Data Jobs: What do Data Scientists do?

While generalizing any profession is difficult since so many factors can come into play: (academic versus corporate — large company versus start-up), I find the role of Data Scientist can truly only be described by breaking it apart into three very different roles. For lack of better terms I will name these roles: Academic/Research Data Scientist, Applied Data Scientist, and finally Data Analyst/Scientist. These roles require different skill sets and different mindset that I will discuss below.

First off, I would like to put my bias out front, I am an Applied Data Scientist. Now, that does not mean I feel that my current role is superior to any other data scientist role out there. Also, I work for a very large company with lots of resources, so I also want to point out that the roles I will describe below can overlap depending on your working environment.

Academic/Research Data Scientist

These are the people who design new machine learning algorithms and push the boundaries of data science and AI. When you see advances in self driving cars and computer vision, these are the people behind those advances. These individuals work either in a university setting or as part of a research team for companies like Google, Facebook, Tesla. Most either hold a PhD or are currently working on one. These data scientists actively develop and conduct research experiments that are written up and published in scientific journals. These are the pure scientists among the data science world.

To be amongst this crowd of data scientists, you need to be at the top of your game with advanced mathematics and programming skills. If you really love diving deep into the field and can handle the often glacial pace research moves at, this could be the job for you. The biggest drawback is that these jobs are limited. There are only so many academic or industry research positions out there. Most data scientists today instead fall into the other two categories.

Applied Data Scientist

Applied Data Scientists are a bit more pragmatic. They work for a company that drives their goals, instead of being funded by research grants. They do not have the luxury of time often afforded those working on grants, so the solutions they build need to go into production sooner rather than later. (Now to be fair to researchers, applied data scientists also don’t have to deal with the headaches surrounding grant proposals).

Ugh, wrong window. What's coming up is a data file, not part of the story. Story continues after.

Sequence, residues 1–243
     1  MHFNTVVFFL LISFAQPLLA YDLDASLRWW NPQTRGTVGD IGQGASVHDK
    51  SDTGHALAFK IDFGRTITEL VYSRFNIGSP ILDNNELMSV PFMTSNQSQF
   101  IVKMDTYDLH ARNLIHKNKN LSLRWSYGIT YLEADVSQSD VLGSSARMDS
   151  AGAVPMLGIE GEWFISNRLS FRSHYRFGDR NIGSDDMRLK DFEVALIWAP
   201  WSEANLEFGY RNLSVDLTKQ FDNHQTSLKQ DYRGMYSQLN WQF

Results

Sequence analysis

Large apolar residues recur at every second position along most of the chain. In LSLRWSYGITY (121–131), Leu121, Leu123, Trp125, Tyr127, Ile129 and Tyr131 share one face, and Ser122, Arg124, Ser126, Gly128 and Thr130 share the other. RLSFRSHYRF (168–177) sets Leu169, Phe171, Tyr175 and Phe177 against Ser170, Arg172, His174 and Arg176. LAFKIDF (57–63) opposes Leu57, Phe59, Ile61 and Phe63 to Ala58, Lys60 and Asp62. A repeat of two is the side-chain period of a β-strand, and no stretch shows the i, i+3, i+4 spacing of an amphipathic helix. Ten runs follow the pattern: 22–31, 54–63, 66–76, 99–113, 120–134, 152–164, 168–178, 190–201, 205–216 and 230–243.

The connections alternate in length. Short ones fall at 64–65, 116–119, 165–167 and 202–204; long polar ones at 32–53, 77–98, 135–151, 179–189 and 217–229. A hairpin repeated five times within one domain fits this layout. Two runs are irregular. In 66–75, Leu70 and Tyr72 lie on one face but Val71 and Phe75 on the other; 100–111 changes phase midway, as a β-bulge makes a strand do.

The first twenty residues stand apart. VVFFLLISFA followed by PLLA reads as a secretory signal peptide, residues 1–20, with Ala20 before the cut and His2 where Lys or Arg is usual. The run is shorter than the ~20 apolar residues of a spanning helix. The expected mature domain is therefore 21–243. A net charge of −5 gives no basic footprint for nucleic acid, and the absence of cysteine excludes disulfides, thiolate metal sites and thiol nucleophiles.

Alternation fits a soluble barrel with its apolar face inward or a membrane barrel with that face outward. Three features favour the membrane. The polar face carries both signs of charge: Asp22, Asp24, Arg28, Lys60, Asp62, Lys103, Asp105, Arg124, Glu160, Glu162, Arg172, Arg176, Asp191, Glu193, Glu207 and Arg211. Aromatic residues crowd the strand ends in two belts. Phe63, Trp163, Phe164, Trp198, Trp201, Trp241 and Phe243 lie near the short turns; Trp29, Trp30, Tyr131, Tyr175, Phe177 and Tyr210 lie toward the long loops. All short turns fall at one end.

Typically, data scientists working in industry (not part of a research team) are not out developing new algorithms or trying to push the limits of machine learning. Instead, they use tools created by others to explore and derive meaning from data that can be acted upon. When the boss wants actionable data and they need it now. Most applied data scientists keep a few algorithms on hand that they know work for certain scenarios and spend most of their time gathering, cleaning, and prepping the data to build out the models.

I kind of like this position. I view myself more of an applied scientist. Even while going through my PhD, I always leaned towards applied versus theoretical.

To work as an applied data scientist, a candidate should have a master’s degree or at least 6 years industry experience. They should be inquisitive and honestly interested in the domain in which they work in. I work in cyber security, I have spent a lot of time researching and studying the field so I can identify opportunities to provide a data driven solution. Candidates should also have a wide ranging skill set beyond just ML. An applied data scientist should be well versed in tools such as dashboard development, optimization modeling, forecasting, and simulation modeling.

Data Analyst/Scientist

This is probably the most common data science position right now. What this position is calling for is basically a top level analyst familiar with data science tools. Now I am not denigrating this positon. What these data scientists do is every bit as challenging and important as the other two I described above. They are expected to operate as a data scientist while also handling analyst or business intelligence duties as well.

People in this position are not less than or incapable of doing the other roles described above, they are instead part of an organization that either does not have a fully developed data science program or they are working outside the data science organization. These data scientists are often embedded in a department providing data management and analysis expertise. Truly jacks of all trades, these data scientist often stand-up and manage data warehouses or data marts for their department. They can be expected to handle reporting duties as well as machine learning model development.


To sum this all up, data science is a broad and still evolving field. Solid industry definitions are not common place and titles often do not represent actual job duties. However, most data scientists can be generalized under one of the three roles I discussed above: Academic/Research Data Scientist, Applied Data Scientist, or Data Analysts/Scientists. Neither role is inherently better or more important, but the differences in the rows can definitely attract different individuals.

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